Finding legitimate gigs is challenging, not because work is scarce, but because you have to sift through endless phony and low-paying jobs to get to the real deal. It’s fairly easy to spot scams, but some low-paying gigs look like high-quality opportunities, and it’s easy to be fooled.
Related: 8 Work-at-Home Scams Every Freelance Writer Should Be Aware Of
If you’re done accepting low-paying gigs just to scrape by, it’s time to find legitimate, good paying gigs. Instead of applying for every job you can find, hoping for a response, look for these indicators and skip the rest.
Looking For Legitimate Gigs? 5 Positive Indicators To Look For
1. The job posting includes a phone number to call
A writing gig that includes a phone number is more likely to be legitimate than one without. Scammers and low-paying content writing farms don’t want to be bothered with phone calls. However, the absence of a phone number doesn’t necessarily indicate a bad listing. Some legitimate businesses might not want to deal with an influx of phone calls from Craigslist strangers.
As a rule of thumb, whenever you see a phone number in a promising job listing, call the number and apply for the position. They might tell you to apply online, but the point is to establish a live connection with the business to get a feel for their legitimacy.
2. The company has a verifiable online presence
Run a Google search for a company before you submit your application. Don’t waste your time interviewing for a gig with a company that has no verifiable trace of existence online. Search for the business on these popular job boards to see if they’ve posted ads, and what kind of feedback their ads receive. That will tell you much about the company.
Some businesses intentionally withhold the name of their business from online job postings to avoid spam. If you can’t find the name of the business to verify its legitimacy, send a brief inquiry to ask who they are.
Any legitimate business should be willing to provide you with more information to help you decide whether you want to apply. If a business won’t reveal their company name prior to your application, it’s probably a scam.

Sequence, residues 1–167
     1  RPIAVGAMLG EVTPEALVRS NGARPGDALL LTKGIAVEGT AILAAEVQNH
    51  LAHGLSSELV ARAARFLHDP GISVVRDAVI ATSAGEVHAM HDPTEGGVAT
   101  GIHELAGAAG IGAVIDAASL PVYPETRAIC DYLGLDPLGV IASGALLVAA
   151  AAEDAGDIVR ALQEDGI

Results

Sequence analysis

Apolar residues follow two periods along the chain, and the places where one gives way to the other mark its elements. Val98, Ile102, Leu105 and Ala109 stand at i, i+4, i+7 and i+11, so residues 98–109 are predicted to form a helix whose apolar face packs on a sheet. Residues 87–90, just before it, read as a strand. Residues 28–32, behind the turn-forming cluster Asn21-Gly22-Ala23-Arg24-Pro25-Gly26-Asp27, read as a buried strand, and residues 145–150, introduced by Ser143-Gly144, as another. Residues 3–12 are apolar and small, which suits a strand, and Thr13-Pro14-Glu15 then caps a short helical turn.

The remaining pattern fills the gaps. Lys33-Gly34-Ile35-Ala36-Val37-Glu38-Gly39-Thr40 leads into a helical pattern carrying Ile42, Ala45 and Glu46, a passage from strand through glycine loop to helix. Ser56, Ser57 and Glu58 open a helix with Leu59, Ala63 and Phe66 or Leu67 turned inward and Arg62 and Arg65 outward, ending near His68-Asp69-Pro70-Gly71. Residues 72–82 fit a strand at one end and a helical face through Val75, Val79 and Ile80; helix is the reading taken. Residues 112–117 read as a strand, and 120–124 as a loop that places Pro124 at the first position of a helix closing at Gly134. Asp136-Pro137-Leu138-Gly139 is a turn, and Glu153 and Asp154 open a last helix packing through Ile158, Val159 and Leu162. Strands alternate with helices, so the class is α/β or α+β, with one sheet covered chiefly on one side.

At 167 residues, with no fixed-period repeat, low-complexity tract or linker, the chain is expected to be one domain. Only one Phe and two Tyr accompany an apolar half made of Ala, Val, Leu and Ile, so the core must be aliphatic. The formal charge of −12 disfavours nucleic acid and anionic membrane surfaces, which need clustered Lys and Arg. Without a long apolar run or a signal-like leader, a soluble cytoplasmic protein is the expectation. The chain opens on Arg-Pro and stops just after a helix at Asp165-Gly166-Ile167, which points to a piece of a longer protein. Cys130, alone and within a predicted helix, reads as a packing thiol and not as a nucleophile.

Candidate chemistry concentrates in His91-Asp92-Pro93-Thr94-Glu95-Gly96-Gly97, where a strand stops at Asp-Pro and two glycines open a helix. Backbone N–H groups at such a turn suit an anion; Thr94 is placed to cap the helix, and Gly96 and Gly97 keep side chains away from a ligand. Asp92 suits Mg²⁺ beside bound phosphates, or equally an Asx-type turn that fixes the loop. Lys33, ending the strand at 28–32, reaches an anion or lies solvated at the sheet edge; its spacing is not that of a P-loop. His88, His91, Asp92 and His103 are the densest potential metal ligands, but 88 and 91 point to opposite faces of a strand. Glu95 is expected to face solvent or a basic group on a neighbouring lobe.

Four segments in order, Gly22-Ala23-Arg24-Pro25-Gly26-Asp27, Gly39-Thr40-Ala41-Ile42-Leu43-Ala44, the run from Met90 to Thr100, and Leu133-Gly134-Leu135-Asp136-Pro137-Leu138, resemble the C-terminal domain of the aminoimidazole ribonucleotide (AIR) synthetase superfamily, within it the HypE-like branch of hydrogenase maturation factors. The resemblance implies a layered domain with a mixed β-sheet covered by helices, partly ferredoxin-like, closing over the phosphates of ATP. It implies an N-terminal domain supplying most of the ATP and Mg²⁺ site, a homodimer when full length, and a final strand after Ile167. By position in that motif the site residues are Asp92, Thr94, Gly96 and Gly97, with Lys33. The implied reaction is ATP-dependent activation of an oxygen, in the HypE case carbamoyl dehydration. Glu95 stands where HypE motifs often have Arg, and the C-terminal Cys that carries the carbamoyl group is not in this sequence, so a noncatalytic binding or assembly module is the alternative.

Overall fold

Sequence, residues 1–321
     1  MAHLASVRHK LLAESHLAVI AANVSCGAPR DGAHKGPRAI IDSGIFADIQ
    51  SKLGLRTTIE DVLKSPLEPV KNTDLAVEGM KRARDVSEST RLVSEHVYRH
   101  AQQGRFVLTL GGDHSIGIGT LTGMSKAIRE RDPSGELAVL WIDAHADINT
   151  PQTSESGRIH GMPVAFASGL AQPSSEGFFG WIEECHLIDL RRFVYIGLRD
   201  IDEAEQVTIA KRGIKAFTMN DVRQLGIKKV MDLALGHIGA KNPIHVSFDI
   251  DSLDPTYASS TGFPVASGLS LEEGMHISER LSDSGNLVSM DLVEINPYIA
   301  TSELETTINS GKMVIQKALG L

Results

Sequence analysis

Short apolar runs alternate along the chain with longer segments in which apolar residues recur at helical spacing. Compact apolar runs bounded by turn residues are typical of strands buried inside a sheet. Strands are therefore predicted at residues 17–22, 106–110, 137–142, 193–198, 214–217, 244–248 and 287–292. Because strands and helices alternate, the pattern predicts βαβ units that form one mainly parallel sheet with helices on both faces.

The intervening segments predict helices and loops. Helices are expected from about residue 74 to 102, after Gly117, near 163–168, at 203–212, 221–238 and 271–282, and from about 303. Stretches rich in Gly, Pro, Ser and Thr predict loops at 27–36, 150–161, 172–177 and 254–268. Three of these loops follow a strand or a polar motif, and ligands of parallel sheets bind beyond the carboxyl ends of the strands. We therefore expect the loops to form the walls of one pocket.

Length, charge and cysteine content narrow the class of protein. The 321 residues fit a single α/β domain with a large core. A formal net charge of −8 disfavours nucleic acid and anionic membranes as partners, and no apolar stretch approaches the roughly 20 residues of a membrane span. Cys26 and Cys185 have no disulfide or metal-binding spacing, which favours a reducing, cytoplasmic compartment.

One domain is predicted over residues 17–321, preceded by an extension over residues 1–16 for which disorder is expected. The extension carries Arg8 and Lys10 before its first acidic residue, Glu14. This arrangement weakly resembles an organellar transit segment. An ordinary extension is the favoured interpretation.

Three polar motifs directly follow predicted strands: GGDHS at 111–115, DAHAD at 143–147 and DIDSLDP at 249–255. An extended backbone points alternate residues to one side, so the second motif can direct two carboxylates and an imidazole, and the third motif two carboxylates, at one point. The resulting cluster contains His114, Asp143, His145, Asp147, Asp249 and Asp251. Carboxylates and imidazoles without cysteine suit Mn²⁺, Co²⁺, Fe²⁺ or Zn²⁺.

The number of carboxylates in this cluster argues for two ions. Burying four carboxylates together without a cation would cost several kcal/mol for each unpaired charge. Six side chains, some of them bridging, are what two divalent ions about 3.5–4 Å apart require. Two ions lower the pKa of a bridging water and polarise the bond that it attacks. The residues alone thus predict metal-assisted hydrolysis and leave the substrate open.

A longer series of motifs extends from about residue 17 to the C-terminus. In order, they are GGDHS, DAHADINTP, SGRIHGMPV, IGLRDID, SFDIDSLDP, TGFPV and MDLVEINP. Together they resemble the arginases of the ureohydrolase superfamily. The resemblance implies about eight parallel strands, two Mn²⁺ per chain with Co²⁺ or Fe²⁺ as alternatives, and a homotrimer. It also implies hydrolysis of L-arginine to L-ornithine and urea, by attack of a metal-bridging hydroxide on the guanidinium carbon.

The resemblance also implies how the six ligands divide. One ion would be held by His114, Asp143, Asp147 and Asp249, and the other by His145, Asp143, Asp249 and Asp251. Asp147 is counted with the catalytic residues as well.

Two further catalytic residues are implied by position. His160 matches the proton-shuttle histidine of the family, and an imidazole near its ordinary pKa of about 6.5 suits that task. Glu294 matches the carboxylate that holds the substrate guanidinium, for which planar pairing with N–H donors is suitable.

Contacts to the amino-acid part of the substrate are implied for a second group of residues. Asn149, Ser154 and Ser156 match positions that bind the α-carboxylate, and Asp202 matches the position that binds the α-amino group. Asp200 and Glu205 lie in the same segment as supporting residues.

3. A contact name is listed with the company’s phone number
A company that wants to be contacted by candidates will provide a contact name with a phone number.
4. The business is established to some degree
Unless you’re okay with selling yourself for two cents per word, it’s best to work for established businesses. However, if the business is a startup and the owners are looking for talent to help build the company, that can work, too. You don’t want to start working for a company that has no legal entity and doesn’t seem to be growing into a fully established business.
An established business will have visible growth and plenty of employees. The company will also have a reputation in the marketplace. For example, in the gig economy, remote writers are drawn to Trafilea because they’ve got significant growth, and produce well-known brands that make a difference.
Look for job postings from companies who are established, or at least organized when they’re in the pre-launch state.
5. The company has a good reputation among its employees
You can’t trust anyone’s online reputation completely, but when complaints are spread out among multiple social media channels, you can be sure a company has some issues. However, their reputation among workers will tell you everything you need to know.
It’s safe to say most people aren’t completely satisfied with their job, but that’s not always the employer’s fault. Who wouldn’t want to get paid for not working at all? Even when a job is fun, the idea of not having to work at all sounds better.
If you can find out what employees think about working for the company you’re considering applying for, it might shed some light on what you’ll experience. No job is perfect, but you’ll get a better understanding of what the company’s downfall is and you can decide whether you’re willing to settle for those particular inconveniences. For example, the pay might be great, but can you deal with a boss that expects you to meet hourly deadlines for 8 hours a day? If that’s not how you work best, don’t bother applying.
Be diligent but don’t waste your time
It might take several contacts with a company to land a good gig, so it’s better to filter the gigs you apply for in the first place. In addition to looking for the indicators in this article, refer to this writing job scam checklist to make sure you’re not falling into an obvious trap. Eventually, filtering quality job possibilities will become automatic.
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